Day 6: Haskell
TLDR : Folding
- foldr/foldl (foldRight and foldLeft)
Folding is a pretty nice operation. Basically, it runs through each element in the list and applies a desired function to it. So what’s the difference between map and foldr? Map treats each element as an individual, and just applies the function to each element only. Folding uses a binary function and recursively applies it to your list using each element as an input.
Better to see it.
foldr :: (a → b → b) → b → [a] → b
If you’re wondering why xs = , print out the result.
foldr gives you 1, while foldl gives you -1.
foldr_output = 1–0 (xs-acc)
foldl_ouput = 0–1 (acc-xs)
The accumulator is the last/first element that you’ll apply the function to.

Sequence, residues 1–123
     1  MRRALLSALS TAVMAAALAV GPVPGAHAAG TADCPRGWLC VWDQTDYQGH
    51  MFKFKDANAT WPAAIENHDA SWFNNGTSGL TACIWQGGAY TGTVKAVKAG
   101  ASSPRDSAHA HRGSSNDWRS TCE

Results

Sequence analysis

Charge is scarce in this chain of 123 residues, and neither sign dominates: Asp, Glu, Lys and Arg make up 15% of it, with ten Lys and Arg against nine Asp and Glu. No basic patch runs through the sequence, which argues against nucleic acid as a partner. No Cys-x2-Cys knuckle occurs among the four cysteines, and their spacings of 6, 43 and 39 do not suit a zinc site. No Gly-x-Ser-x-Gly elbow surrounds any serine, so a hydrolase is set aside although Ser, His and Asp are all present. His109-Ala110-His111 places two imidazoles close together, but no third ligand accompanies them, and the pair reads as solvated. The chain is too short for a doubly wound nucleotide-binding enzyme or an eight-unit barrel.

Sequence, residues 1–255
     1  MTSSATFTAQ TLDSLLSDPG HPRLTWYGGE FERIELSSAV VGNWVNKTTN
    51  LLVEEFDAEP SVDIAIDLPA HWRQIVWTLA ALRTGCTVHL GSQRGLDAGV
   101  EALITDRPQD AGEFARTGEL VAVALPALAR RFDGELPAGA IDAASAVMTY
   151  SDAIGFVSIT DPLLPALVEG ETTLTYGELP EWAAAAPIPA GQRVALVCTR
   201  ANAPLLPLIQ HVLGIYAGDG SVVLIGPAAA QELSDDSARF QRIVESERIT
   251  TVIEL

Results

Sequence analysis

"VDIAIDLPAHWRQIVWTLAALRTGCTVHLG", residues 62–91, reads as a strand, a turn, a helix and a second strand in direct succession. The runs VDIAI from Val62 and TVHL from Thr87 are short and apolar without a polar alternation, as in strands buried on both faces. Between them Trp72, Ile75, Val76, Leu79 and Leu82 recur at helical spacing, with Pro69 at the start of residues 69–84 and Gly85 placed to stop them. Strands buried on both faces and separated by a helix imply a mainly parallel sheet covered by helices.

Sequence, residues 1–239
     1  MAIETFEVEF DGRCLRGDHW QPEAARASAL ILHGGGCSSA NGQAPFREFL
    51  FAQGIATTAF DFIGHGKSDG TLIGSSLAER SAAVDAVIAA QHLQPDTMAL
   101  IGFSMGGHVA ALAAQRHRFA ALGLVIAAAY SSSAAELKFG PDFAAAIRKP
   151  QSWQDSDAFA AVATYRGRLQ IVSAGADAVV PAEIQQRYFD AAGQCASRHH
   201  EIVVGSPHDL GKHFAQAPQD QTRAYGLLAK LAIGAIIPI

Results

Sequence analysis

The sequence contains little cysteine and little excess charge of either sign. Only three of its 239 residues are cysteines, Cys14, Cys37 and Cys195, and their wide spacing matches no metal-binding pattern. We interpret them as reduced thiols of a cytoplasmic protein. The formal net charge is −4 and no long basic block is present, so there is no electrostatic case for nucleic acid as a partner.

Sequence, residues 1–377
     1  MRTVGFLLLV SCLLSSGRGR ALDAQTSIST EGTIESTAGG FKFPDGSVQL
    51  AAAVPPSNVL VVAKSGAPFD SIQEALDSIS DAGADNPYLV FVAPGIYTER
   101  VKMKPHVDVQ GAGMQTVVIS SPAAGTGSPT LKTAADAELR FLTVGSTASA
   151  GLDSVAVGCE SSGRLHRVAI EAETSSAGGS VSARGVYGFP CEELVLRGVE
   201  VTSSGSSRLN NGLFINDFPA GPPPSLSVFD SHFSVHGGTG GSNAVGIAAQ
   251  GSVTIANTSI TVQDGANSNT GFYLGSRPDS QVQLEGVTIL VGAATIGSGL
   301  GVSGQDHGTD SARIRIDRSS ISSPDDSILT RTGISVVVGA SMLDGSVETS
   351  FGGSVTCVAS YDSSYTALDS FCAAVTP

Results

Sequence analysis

That’s also when you print out the result, foldr ys = -1
(1–2)–0 = -1
foldl ys = (0–2)-1 = -3
This may seem like semantic wrangling for the sake of it, but it is a good idea to keep in mind.
While foldr doesn’t seem great just yet, think about eigenvectors and eigenvalues. Matrix multiplication seems like a great use for this stuff.
Here are some other uses of foldr
even something like length can be represented by folding.
foldr (\x → (+) 1) 0
foldr (const $ (+) 1) 0
Could probably do a lot more powerful stuff with this, but for now will leave as is.
Note: Map is given as follows
map f = foldr ((:) .f) 
I have no idea what this means. Will read some more and then try to explain.
Just learnt that [X..Y] will print out numbers from X to Y if X≤Y. Otherwise, it returns an empty list.
Note : https://www.youtube.com/watch?v=7sbxVALuuxA
I watched this video and while I understood we could create our own datatypes, I have no clue how to implement them to do whatever. I’ll skip that video and come back later.